2023 AFCON: Algeria part company with Djamel Belmadi, Jalel Kadri leaves Tunisia

Source: adomonline

Algeria have parted company with coach Djamel Belmadi and Jalel Kadri has resigned as Tunisia’s boss after both countries exited the 2023 Africa Cup of Nations at the group stage.

Belmadi’s exit came a day after the Desert Foxes’ shock 1-0 loss to Mauritania, which meant the 2019 winners finished bottom of Group D in Ivory Coast.

Kadri announced he was stepping down in a post-match television interview after Tunisia’s 0-0 draw with South Africa in their final Group E game in Korhogo on Wednesday.

“My mission at the head of the Tunisian national team is now over,” Kadri is reported to have said.

Belmadi, 47, took over as coach of the Desert Foxes in August 2018 and signed a contract extension a year ago to remain in the post until 2026.

Kadri was appointed after the 2021 Afcon finals and the 52-year-old led the Carthage Eagles to qualification for the 2022 World Cup, where the North Africans went out in the group stage.

Their departures are the latest in a remarkable series of coaching departures at the ongoing finals in West Africa.

Hosts Ivory Coast dismissed boss Jean-Louis Gasset earlier on Wednesday – even though the Elephants still had hopes of progressing to the last 16 as one of four best-ranked third-placed teams.

On Tuesday, Tom Saintfiet resigned as coach of The Gambia after the Scorpions finished bottom of Group C while Ghana sacked Chris Hughton after the four-time champions suffered an early elimination.

Belmadi leaves after Algeria’s ‘bitter exit’

Algeria's Riyad Mahrez
Image caption: have suffered successive group-stage exits from the Africa Cup of Nations finals

Born in Paris, Belmadi captained Algeria at the 2004 Africa Cup of Nations and, as coach, he guided his country to the Afcon title in 2019 in Egypt.

But their defence of the trophy in Cameroon two years ago was short-lived, as their 35-match unbeaten run came to an end and the North Africans finished bottom of their group.

Walid Sadi, president of Algeria’s football federation, said their 2023 Afcon campaign ended with “a bitter exit” in a series of messages posted on X.

“I met with Djamel and we reached an amicable agreement to dissolve the association,” Sadi said.

“We thank Djamel for everything he did for the team and wish him good luck in the rest of his career.”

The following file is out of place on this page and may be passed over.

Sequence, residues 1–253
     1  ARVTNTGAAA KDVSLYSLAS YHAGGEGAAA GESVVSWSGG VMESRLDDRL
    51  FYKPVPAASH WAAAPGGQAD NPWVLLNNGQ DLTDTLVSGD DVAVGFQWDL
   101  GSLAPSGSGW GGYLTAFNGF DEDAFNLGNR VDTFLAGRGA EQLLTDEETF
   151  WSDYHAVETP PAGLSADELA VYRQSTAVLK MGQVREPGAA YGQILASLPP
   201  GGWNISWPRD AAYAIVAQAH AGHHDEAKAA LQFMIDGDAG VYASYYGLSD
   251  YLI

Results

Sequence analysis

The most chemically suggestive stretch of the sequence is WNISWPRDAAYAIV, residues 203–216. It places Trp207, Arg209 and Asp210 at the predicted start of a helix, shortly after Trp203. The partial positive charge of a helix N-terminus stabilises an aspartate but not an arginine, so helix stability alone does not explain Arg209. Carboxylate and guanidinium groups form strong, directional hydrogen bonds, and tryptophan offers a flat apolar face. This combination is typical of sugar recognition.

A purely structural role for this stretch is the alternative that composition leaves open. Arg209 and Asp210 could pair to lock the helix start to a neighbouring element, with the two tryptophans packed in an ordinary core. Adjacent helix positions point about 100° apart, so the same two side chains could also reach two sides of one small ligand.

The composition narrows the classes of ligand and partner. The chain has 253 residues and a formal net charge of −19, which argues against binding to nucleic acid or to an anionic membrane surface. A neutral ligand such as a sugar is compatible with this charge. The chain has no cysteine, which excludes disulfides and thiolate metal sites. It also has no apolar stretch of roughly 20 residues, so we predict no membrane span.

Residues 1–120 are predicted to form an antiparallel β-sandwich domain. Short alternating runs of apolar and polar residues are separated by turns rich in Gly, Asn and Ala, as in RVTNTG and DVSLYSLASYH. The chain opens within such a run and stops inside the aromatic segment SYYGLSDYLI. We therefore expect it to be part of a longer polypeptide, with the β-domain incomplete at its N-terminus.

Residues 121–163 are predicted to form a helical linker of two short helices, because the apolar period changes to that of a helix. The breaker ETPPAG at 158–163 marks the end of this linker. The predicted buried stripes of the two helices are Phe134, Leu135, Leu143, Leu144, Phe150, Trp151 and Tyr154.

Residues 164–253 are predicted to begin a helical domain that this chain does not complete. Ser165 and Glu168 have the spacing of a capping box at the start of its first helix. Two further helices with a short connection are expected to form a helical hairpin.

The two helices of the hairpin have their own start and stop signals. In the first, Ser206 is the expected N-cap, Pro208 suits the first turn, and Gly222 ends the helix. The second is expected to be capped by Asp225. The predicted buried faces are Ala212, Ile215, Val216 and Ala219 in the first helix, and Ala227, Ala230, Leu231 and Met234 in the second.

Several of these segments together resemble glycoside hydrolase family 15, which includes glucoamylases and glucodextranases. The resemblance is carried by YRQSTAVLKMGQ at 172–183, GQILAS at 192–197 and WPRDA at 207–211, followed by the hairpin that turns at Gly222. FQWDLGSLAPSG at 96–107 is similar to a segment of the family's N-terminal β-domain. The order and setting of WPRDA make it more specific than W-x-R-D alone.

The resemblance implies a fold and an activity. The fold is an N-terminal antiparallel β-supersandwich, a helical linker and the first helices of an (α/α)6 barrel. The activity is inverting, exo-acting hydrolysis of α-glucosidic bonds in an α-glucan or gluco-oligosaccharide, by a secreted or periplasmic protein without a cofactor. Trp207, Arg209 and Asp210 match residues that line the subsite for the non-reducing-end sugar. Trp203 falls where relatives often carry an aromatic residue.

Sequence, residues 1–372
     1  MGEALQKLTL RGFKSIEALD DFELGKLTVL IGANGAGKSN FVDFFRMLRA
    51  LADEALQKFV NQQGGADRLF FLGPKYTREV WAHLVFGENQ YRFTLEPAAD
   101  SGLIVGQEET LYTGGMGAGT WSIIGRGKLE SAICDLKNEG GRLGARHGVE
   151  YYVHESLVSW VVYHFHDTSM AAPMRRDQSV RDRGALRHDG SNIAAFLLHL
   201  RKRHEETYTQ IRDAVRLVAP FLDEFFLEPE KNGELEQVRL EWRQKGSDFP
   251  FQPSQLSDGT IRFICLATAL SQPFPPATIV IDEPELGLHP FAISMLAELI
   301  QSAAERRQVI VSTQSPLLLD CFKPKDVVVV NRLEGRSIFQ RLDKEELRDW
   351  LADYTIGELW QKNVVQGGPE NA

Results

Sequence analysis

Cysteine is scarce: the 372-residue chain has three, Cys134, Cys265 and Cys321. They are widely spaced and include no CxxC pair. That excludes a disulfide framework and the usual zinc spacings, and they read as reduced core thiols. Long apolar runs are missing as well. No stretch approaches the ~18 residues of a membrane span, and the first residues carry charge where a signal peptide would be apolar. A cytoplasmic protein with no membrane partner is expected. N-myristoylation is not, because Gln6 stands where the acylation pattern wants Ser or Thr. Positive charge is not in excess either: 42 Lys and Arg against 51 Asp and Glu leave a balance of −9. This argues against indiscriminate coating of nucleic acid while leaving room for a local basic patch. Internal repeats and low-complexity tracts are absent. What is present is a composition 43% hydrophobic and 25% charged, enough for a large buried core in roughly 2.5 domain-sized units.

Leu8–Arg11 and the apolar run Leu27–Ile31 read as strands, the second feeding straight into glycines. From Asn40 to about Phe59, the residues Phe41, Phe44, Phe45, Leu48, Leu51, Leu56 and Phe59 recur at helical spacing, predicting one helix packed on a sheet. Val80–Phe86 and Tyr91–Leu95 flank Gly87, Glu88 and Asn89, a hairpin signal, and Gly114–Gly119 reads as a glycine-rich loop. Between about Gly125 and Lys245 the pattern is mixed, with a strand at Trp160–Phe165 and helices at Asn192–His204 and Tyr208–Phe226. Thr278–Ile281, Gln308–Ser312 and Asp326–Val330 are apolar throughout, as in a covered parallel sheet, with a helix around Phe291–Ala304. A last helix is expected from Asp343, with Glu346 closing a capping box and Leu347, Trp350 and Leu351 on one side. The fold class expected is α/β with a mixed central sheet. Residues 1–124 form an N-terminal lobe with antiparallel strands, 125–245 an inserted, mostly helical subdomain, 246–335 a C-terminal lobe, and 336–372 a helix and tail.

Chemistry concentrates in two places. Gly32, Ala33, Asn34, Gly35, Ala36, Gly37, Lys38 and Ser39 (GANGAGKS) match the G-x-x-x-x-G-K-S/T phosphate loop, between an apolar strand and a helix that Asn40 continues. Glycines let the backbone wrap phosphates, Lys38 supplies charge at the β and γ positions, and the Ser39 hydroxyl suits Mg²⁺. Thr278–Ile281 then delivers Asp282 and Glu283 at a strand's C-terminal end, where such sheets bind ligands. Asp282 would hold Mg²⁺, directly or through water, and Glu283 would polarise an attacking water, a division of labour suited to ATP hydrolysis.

“We apologise to the fans of the national team and the Algerian people after we worked hard and provided ideal conditions for our players to shine.”

Just three months after their early exit from the 2021 finals Algeria also failed to qualify for the 2022 World Cup, losing on away goals in a play-off against Cameroon after conceding a last-gasp goal in the second leg at home.

But Belmadi stayed on and Les Verts had the best record of any team in qualifying for the 2023 finals.

Sadi said there would be “a real revolution” to restore Algeria’s position “continentally and internationally”.

“We promise to correct the mistakes of the past with one goal: to put the train back on track, and to renew the days of brilliance and victories for Algerian football,” he added.

Kadri quits after failing to hit target

Kadri took over Tunisia on a permanent basis following their quarter-final elimination at the 2021 edition of Afcon, replacing Mondher Kebaier.

When the Carthage Eagles failed to make it past the group stage at the 2022 World Cup – despite pulling off a shock win over then-defending champions France – he offered his resignation.

However, the Tunisian Football Federation (FTF) rejected it and instead extended his contract for 12 more months.

The North Africans finished bottom of their group in Ivory Coast, falling to a shock 1-0 defeat against Namibia before draws with South Africa and Mali.

Speaking after the draw with South Africa, Kadri said his contract would automatically expire because Tunisia had failed to reach the semi-finals, which was the minimum requirement of the FTF.

When asked if he had officially resigned, Kadri responded: “This is my decision and in my contract.”

Kadri said he bore full responsibility for Tunisia’s disappointing end to their campaign.

“The defeat against Namibia in the first match affected us psychologically, and we shouldn’t have lost,” he said.

“We improved against Mali, and against South Africa, but we were not efficient in attack.”

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